Researchers warn that world leaders are being misled by economic assessments of future climate change impacts

An international group of researchers today (20 September 2019) warn that policymakers have been receiving economic assessments of future climate change impacts which omit the biggest risks.

The researchers on science, economics and policy from the United States, Germany and the United Kingdom are publishing a joint report identifying major risks that are being documented by scientists, but excluded or downplayed by economists.

The report has been produced by the Earth Institute at Columbia University, the Potsdam Institute for Climate Impact Research and the Grantham Research Institute on Climate Change and the Environment at the London School of Economics and Political Science.

The authors, which include Professor Lord Nicholas Stern, Professor Sir Alex Halliday, Professor Johan Rockström, Professor Ottmar Edenhofer and Professor Hans Joachim Schellnhuber, state: “Economic assessments of the potential future risks of climate change have been omitting or grossly underestimating many of the most serious consequences for lives and livelihoods because these risks are difficult to quantify precisely and lie outside of human experience.”

They add: “Scientists are growing in confidence about the evidence for the largest potential impacts of climate change and the rising probability that major thresholds in the Earth’s climate system will be breached as global mean surface temperature rises, particularly if warming exceeds 2°C above pre-industrial level.”

The impacts highlighted in the report include:

  • destabilisation of ice sheets and glaciers and consequent sea level rise;
  • stronger tropical cyclones;
  • extreme heat impacts;
  • more frequent and intense floods and droughts;
  • disruptions to oceanic and atmospheric circulation; and
  • destruction of biodiversity and collapse of ecosystems.

The report states: “Some of these impacts involve thresholds in the climate system beyond which major impacts accelerate, or become irreversible and unstoppable.

“When a threshold is breached, it might cause one or more other thresholds to be exceeded as well, leading to a cascade of impacts.”

The report notes: “Many of these impacts could exceed the capacity of human populations to adapt, and would significantly affect and disrupt the lives and livelihoods of hundreds of millions, if not billions, of people worldwide.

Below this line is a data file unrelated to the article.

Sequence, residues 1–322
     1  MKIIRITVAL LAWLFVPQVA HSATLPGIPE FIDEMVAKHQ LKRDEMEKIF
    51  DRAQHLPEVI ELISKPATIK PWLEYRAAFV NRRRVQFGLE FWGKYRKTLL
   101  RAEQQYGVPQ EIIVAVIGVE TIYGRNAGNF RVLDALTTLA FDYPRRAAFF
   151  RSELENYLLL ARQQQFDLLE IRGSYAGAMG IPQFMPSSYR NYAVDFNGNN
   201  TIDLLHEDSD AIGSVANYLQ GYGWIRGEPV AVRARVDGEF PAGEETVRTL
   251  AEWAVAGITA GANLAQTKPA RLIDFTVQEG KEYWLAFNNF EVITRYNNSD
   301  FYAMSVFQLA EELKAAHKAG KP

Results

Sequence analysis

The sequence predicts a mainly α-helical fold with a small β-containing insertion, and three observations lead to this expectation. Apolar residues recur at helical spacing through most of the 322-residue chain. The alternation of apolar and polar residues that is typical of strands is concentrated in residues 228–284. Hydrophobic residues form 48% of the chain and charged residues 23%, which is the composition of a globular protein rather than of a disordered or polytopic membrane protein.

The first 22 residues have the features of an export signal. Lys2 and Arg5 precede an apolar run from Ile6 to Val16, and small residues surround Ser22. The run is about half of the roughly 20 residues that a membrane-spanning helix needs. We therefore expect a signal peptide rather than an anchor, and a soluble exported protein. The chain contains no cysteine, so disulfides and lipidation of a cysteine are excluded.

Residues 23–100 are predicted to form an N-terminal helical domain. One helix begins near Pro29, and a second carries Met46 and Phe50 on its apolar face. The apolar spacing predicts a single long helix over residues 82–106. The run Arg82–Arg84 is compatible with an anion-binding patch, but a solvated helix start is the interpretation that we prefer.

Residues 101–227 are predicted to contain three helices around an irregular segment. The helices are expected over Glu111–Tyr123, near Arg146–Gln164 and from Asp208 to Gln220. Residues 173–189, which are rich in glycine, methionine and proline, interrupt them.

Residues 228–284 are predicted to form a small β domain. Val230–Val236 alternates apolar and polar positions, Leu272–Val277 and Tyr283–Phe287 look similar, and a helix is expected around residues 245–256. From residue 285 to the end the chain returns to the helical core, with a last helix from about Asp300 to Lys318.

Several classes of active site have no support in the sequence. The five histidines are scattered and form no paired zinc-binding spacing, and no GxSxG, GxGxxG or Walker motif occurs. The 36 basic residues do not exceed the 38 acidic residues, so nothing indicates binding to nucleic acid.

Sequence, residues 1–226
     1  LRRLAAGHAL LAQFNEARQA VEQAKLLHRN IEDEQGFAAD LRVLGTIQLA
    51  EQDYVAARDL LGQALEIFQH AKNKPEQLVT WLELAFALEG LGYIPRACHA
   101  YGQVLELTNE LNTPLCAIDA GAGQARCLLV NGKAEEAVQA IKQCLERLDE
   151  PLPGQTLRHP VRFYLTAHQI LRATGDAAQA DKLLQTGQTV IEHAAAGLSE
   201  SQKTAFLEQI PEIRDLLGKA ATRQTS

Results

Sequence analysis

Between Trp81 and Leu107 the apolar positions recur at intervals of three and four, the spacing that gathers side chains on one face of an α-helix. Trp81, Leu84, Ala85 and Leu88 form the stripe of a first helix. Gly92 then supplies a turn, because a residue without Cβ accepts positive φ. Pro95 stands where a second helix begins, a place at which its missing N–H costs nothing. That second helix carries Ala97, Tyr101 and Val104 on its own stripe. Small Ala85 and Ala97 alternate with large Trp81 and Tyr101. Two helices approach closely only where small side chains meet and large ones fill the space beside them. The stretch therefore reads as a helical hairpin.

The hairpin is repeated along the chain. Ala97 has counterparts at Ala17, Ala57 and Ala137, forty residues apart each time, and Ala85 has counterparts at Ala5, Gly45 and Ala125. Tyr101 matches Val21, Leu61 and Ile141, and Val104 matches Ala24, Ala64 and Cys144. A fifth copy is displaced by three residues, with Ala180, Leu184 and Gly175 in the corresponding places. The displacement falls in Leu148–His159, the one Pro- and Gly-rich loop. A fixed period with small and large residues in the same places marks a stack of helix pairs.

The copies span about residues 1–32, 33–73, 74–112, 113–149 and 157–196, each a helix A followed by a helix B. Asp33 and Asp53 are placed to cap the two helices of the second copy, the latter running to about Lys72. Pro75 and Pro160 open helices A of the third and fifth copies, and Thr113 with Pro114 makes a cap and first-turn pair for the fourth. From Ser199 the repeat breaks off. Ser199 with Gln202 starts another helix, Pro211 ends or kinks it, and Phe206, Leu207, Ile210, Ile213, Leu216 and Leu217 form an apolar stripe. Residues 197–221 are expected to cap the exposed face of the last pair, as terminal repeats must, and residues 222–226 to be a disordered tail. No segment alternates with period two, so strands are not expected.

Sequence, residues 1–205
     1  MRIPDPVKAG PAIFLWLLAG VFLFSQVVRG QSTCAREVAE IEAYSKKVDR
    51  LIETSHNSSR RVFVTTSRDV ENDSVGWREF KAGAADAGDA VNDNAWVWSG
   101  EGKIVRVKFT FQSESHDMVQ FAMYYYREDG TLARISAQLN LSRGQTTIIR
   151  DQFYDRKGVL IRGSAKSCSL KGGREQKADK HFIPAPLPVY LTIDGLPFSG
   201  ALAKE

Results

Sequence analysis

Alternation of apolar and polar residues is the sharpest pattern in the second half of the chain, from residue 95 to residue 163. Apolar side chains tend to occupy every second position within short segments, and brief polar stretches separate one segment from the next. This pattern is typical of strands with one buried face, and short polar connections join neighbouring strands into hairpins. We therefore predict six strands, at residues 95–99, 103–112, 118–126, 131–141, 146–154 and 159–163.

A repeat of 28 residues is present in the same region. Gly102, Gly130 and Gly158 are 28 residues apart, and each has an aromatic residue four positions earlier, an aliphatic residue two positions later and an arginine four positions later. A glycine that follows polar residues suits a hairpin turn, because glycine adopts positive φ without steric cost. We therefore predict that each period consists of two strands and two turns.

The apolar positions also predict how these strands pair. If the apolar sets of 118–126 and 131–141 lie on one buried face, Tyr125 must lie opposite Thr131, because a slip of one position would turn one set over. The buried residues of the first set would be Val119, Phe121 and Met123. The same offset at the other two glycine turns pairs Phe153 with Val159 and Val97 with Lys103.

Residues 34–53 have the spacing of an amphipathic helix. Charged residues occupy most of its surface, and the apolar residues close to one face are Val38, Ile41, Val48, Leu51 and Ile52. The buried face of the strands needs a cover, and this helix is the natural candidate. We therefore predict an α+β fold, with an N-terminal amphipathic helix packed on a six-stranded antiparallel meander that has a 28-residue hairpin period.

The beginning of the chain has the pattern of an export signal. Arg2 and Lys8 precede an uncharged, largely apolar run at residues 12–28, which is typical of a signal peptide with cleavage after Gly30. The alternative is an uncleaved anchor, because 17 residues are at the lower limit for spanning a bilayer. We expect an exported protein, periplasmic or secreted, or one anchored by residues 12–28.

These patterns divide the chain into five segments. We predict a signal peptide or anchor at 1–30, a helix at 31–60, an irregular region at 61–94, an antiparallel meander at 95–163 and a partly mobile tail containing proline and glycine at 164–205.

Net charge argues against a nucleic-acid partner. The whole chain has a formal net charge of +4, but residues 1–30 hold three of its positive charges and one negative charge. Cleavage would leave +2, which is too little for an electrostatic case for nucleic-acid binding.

“These impacts would also undermine economic growth and development, exacerbate poverty and destabilise communities.”

The report highlights shortcomings in recent advice to governments that has omitted these impacts: “Economic assessments fail to take account of the potential for large concurrent impacts across the world that would cause mass migration, displacement and conflict, with huge loss of life.

“Economic assessments that are expressed solely in terms of effects on output (e.g. gross domestic product), or that only extrapolate from past experience, or that use inappropriate discounting, do not provide a clear indication of the potential risks to lives and livelihoods.”

The report acknowledges some recent progress by researchers on the economic risks of climate change: “Some advances are being made in improving economic assessments of climate change impacts but much more progress is required if assessments are to offer reliable guidance for political and business leaders on the biggest risks.”

It concludes: “The lack of firm quantifications is not a reason to ignore these risks, and when the missing risks are taken into account, the case for strong and urgent action to reduce greenhouse gas emissions becomes even more compelling.”

For more information about this media release please contact Kieran Lowe on +44 (0) 20 7107 5442 or k.lowe@lse.ac.uk or Bob Ward on +44 (0) 7811 320346 or r.e.ward@lse.ac.uk

The report is available here: The missing economic risks in assessments of climate change impacts

Notes

  1. The Grantham Research Institute on Climate Change and the Environment (http://www.lse.ac.uk/grantham) was launched at the London School of Economics and Political Science in October 2008. It is funded by The Grantham Foundation for the Protection of the Environment (http://www.granthamfoundation.org/).
  2. The Earth Institute at Columbia University mobilizes the sciences, education and public policy to achieve a sustainable Earth. http://www.earth.columbia.edu.
  3. The Potsdam Institute for Climate Impact Research (PIK) is one of the leading research institutions addressing relevant questions in the fields of global change, climate impacts and sustainable development. Natural and social scientists work closely together to generate interdisciplinary insights that provide a sound basis for decision-making for society, businesses and politics. https://www.pik-potsdam.de/pik-frontpage